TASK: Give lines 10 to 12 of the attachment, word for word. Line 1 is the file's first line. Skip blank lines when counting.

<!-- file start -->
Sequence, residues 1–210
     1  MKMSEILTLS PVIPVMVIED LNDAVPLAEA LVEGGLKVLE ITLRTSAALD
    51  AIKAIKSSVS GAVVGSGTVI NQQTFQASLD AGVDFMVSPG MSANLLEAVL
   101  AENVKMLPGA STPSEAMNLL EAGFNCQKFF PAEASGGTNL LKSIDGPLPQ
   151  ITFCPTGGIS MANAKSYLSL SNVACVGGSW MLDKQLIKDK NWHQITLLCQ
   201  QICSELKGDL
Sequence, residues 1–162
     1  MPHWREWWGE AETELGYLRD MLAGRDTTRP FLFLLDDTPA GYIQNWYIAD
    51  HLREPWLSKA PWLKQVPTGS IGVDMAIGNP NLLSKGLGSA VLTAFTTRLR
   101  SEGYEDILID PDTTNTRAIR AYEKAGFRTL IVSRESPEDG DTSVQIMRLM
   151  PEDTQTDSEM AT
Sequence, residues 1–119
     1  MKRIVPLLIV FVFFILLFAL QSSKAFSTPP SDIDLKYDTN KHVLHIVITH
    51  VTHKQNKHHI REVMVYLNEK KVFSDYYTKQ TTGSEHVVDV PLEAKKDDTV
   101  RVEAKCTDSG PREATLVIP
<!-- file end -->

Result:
   101  SEGYEDILID PDTTNTRAIR AYEKAGFRTL IVSRESPEDG DTSVQIMRLM
   151  PEDTQTDSEM AT
Sequence, residues 1–119